Earlier this month saw the opening of I See You, a group exhibition of new and recent works at Tiwani Contemporary by Virginia Chihota, Gideon Gomo, Masimba Hwati, Gareth Nyandoro and Portia Zvavahera. Though the participating artists are now based across Africa and Europe, they share a connection that was established in their formative years during their studies at the National Gallery School of Visual Arts and Design (formerly B.A.T. Visual Arts School) in Harare, Zimbabwe. Several decades on they have actively maintained a close relationship, a celebration of which forms the central thread that runs through this ‘first of its kind’ survey in Nigeria.
Prior to the exhibition’s launch, and as part of an ongoing collaboration with G.A.S. Foundation, Tiwani Contemporary invited participating sculptor Gideon Gomo and painter printmaker Portia Zvavahera to engage in a residency at our Lagos building. It was an opportunity for both to transpose their practices to a new intercontinental context and explore the implications that such an exchange might have on their work. Following on from the residency, we spoke to both Gomo and Zvavahera about their experience of the process.
Process photo taken during Gideon Gomo's time working in the G.A.S. studio space.
What is the current focus of your practice?
Gideon Gomo: At the moment I’m preoccupied with emotions, and specifically uncovering emotions that we, as men, don’t normally show because we’ve been told not to feel and express them. I’m an African and these spiritual battles, as I see them, are something that is a constant reality in my country of Zimbabwe. Men in particular have been told not to cry so they’ve invented new ways to cry - some people drink and others drive for example.
I’ve been working on a series of pieces that lay bare that feeling of fighting something that is not seen. It’s been a process of learning to discern and visually articulate emotions which are often not recognised as tangible unless they are expressed. How do you show someone who is depressed for example? I’m trying to convey to people that we have these complex emotions and we feel them.
I’m not so concerned with my ability to carve these works, for me the most important thing is being able to tell a story and narrative. The works have to be able to speak even when I’m not there, and they should be able to invoke that human and emotional element.
Portia Zvavahera: I have one primary theme in my work; I’m always looking at my dreams and interpreting them. In many ways, the work I’m producing here in Lagos is a continuation of where I left off when I was working in my studio at home in Harare.
The figures, visions and emotions that come to me while I’m sleeping are frequently expressed in what I produce as an artist. Sometimes I’m able to uncover who is being manifested, but at other times it remains a mystery. Recently, for example, I’ve been dreaming of a Black woman with wings surrounded by mice and elements of that are what you see expressed in these canvases.
Portia Zvavahera, Rangani (devise your strategy), 2022. Oil-based printing ink and oil bar on Linen. Image: Courtesy of the artist, Stevenson, and David Zwirner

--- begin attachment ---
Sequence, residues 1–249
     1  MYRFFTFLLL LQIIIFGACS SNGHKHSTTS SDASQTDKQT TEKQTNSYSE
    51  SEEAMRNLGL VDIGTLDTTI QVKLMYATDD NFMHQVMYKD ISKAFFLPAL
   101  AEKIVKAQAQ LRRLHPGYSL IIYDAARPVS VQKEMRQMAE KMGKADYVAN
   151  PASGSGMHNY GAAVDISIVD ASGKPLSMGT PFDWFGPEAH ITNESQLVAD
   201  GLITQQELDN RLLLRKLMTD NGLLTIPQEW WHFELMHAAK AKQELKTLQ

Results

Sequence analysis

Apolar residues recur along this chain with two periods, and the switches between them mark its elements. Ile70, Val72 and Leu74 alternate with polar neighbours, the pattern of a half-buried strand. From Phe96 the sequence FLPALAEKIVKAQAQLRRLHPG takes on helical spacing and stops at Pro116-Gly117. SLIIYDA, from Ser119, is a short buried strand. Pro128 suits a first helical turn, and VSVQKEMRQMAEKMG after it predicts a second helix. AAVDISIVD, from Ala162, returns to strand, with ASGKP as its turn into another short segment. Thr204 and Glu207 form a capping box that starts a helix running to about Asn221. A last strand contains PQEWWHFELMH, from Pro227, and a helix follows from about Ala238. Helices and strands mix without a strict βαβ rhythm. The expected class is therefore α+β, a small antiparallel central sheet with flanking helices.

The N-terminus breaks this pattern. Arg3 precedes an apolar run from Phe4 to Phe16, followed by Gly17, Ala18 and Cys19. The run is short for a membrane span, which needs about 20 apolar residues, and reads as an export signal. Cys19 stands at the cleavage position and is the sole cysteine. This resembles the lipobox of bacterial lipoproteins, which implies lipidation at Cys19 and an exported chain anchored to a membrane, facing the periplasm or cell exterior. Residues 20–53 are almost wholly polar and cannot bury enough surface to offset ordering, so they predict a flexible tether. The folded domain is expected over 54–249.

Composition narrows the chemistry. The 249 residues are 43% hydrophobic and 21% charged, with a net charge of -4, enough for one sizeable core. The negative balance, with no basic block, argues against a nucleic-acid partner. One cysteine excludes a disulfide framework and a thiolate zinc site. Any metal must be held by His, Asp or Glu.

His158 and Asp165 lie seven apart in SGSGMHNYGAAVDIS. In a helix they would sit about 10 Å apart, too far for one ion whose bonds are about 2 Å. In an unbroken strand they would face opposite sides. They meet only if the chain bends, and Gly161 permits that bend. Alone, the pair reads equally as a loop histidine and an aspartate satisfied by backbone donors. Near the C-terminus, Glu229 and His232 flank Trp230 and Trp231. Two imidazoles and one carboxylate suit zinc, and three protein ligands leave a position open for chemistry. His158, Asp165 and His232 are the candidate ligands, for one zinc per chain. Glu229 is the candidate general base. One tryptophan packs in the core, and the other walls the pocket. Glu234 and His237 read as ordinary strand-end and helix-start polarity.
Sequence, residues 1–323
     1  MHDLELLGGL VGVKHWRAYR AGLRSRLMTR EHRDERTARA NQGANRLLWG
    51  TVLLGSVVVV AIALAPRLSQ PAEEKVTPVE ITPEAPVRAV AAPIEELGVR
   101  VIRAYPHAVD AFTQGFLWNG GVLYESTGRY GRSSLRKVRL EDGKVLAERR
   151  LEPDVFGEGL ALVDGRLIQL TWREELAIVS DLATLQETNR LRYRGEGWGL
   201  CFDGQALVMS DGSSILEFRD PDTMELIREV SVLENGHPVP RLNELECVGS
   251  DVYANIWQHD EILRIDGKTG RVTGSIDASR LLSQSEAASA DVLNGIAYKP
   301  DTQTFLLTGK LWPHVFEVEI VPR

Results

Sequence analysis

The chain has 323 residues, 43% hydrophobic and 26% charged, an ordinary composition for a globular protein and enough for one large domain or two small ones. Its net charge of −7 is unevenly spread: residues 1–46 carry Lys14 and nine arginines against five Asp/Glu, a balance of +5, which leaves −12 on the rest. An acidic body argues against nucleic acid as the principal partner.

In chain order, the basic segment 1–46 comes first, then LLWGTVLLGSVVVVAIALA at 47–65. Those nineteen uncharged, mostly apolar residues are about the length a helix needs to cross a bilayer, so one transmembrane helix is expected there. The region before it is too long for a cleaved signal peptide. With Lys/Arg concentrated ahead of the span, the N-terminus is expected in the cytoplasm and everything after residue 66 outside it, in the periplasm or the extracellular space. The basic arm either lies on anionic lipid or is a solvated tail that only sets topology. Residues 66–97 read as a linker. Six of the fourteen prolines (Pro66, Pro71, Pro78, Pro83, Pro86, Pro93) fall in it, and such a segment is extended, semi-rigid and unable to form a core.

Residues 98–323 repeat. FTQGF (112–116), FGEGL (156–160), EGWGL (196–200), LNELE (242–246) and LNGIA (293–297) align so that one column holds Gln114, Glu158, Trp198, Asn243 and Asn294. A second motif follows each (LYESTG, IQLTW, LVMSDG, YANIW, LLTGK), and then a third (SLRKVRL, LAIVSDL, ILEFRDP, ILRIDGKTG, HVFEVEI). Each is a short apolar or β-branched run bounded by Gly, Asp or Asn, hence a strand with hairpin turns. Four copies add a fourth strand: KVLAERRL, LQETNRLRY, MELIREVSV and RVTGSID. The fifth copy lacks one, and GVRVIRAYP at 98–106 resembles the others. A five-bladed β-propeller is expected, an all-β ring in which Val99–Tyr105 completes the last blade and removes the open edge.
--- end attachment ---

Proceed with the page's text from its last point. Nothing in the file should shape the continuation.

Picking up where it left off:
What drew you to this particular residency?
GG: I felt like I needed this residency because at home there is no time frame within which to produce, I needed that rush and Lagos has really provided it. I wanted to create something from within this city that spoke both to the people here and where I come from.
The studio at G.A.S. is nice and new and I like the idea of the Foundation being an artist-led space that is at the very start of its journey. We’ve been encouraged to share our ideas about how to evolve it and it feels like we’re all working together to help build something.
PZ: After being invited to take part in the show at Tiwani Contemporary I heard about G.A.S. and asked them whether it would be possible to participate in the residency programme. I was feeling stuck at home and wanted to make work in a new environment as a way of finding inspiration.
Gideon Gomo, Ko Ini Ndisinawo Hata, 2022. Spring stone, brass cymbals, metal wire and rivets and Chiwono Chemukati, 2022. Mahogany and cedar wood, brass plates, manilla rope, ram horns, and Hata/cloth Headgear. Image: Courtesy of the artist and Tiwani Contemporary
How did you end up using the residency period?
GG: I mainly worked on developing ideas for the exhibition at Tiwani Contemporary. For me, the residency was very empowering and working away from home often felt like a marathon. I feel like I’ve broken my own record both in terms of the physical and mental body of work that I was able to create in such a short space of time. It was a challenge that I really welcomed. In Nigeria they have everything but if you don’t know how to get it it can be very stressful and that experience has been interesting to me.
PZ: Because of the time constraint, I mainly used the period to produce new work for the exhibition, working on several pieces simultaneously. I tried to take the energy that comes with the space and the city, and channel that into my work. We also found some time to visit some interesting cultural sites in and around Lagos like the Ikotun synagogue (The Synagogue Church of All Nations) and Nike Art Gallery.
Filmed and edited by Yinka Babalola. Video courtesy of the Artist and Tiwani Contemporary.